"Blockchain companies are looking for Internet-of-Things (IoT), Java, Javascript, C++, and Golang developers, as well as for those with knowledge in cryptographic algorithms. However, developers are getting harder to find as a lot of this type of work is mainly research and development (R&D) that's not normally required in a technology organization. Universities are currently teaching solidity code, but I feel that there is more to blockchain than just ETH solidity smart contracts."

Also included in Glassdoor's research is the type of talent employers are looking to attract. According to the data, software engineering is the most sought-after occupation, which is unsurprising as more companies look to implement blockchain technology into their platforms. Software engineer listings alone accounted for nearly 20% of all job opening postings on Glassdoor related to blockchain technology. Other sought-after positions included analyst relations manager, product manager, front-end engineer, and technology architect, though all in the single-digit percentages of openings.

So, what does all this mean? For starters, insights from Glassdoor show that even with the hefty volatility of bitcoin and other cryptocurrency prices, blockchain technology appears to be staying relevant. In fact, listings for blockchain-related job openings have only increased (by a lot) after the drastic decline in the cryptocurrency markets. That's good news for those interested in the field of study and work.

Additionally, the research shows that employers value knowledgeable individuals enough to offer much higher starting pay for those with the know-how to help implement blockchain technology.

For a nascent industry like cryptocurrencies, the research comes not so much as a surprise, but as an affirmation for the future of the industry to come. What we're seeing happen is following a similar pattern in the tech world for those with artificial intelligence (AI) and machine learning skills. Though the regulatory status of cryptocurrencies remains unclear in the US, the growth in the industry related to the underlying technology is not. Looking forward, the blockchain industry is poised to continue its rapid growth.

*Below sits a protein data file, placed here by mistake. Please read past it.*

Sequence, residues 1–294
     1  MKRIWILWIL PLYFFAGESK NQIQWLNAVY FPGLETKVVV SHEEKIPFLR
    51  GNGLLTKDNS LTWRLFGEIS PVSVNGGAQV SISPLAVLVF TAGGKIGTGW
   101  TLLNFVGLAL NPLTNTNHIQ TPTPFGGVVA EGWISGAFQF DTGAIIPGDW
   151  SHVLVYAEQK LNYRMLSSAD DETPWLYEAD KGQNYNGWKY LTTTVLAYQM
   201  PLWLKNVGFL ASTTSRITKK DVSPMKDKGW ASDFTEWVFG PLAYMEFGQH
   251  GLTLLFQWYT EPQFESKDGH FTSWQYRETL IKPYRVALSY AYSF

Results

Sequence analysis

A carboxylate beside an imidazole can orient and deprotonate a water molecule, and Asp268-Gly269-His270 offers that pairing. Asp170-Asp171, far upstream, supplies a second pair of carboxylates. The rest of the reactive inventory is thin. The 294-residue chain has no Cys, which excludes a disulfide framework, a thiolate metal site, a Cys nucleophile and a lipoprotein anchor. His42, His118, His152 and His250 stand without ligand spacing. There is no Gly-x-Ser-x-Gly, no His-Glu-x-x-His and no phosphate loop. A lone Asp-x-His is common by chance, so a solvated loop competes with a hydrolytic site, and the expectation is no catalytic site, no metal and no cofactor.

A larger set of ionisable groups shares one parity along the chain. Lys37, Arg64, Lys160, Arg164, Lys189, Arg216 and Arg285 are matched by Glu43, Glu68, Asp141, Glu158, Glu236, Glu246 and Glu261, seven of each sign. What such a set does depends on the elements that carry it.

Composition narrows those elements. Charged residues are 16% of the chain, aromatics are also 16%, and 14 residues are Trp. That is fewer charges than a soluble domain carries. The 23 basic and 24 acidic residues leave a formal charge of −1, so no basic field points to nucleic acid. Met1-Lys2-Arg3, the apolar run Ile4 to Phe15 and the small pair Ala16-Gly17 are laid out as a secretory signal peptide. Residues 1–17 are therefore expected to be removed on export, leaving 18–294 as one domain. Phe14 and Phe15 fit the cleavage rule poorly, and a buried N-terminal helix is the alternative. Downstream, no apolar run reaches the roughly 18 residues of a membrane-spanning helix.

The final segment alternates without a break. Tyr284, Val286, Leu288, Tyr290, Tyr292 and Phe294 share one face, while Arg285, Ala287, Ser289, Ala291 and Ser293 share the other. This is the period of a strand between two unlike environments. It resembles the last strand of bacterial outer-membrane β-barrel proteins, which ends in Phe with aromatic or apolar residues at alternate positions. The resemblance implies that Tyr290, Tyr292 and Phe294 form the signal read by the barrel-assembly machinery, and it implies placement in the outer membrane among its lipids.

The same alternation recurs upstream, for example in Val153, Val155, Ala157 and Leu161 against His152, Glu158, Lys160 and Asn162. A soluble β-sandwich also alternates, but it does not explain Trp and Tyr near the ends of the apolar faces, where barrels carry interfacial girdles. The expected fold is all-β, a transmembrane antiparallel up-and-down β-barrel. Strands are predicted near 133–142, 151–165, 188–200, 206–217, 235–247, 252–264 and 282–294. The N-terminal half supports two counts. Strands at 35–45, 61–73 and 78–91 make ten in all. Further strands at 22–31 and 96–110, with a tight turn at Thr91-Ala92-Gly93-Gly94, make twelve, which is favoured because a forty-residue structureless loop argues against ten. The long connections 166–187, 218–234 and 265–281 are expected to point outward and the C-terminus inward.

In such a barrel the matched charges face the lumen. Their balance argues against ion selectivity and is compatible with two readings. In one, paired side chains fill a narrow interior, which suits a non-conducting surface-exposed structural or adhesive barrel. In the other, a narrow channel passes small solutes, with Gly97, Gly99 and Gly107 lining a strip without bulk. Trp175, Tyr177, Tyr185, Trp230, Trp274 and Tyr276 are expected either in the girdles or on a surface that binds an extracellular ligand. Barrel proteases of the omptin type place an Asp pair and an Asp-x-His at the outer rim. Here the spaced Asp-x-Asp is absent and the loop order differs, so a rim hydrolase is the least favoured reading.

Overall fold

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Why Epicurean ideas suit the challenges of modern secular life

Sure, Epicureans focused on seeking pleasure – but they also did so much more.

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Culture & Religion

'The pursuit of Happiness' is a famous phrase in a famous document, the United States Declaration of Independence (1776). But few know that its author was inspired by an ancient Greek philosopher, Epicurus. Thomas Jefferson considered himself an Epicurean. He probably found the phrase in John Locke, who, like Thomas Hobbes, David Hume and Adam Smith, had also been influenced by Epicurus.

Nowadays, educated English-speaking urbanites might call you an epicure if you complain to a waiter about over-salted soup, and stoical if you don't. In the popular mind, an epicure fine-tunes pleasure, consuming beautifully, while a stoic lives a life of virtue, pleasure sublimated for good. But this doesn't do justice to Epicurus, who came closest of all the ancient philosophers to understanding the challenges of modern secular life.

Epicureanism competed with Stoicism to dominate Greek and Roman culture. Born in 341 BCE, only six years after Plato's death, Epicurus came of age at a good time to achieve influence. He was 18 when Alexander the Great died at the tail end of classical Greece – identified through its collection of independent city-states – and the emergence of the dynastic rule that spread across the Persian Empire. Zeno, who founded Stoicism in Cyprus and later taught it in Athens, lived during the same period. Later, the Roman Stoic Seneca both critiqued Epicurus and quoted him favourably.

Today, these two great contesting philosophies of ancient times have been reduced to attitudes about comfort and pleasure – will you send back the soup or not? That very misunderstanding tells me that Epicurean ideas won, hands down, though bowdlerised, without the full logic of the philosophy. Epicureans were concerned with how people felt. The Stoics focused on a hierarchy of value. If the Stoics had won, stoical would now mean noble and an epicure would be trivial.

Epicureans did focus on seeking pleasure – but they did so much more. They talked as much about reducing pain – and even more about being rational. They were interested in intelligent living, an idea that has evolved in our day to mean knowledgeable consumption. But equating knowing what will make you happiest with knowing the best wine means Epicurus is misunderstood.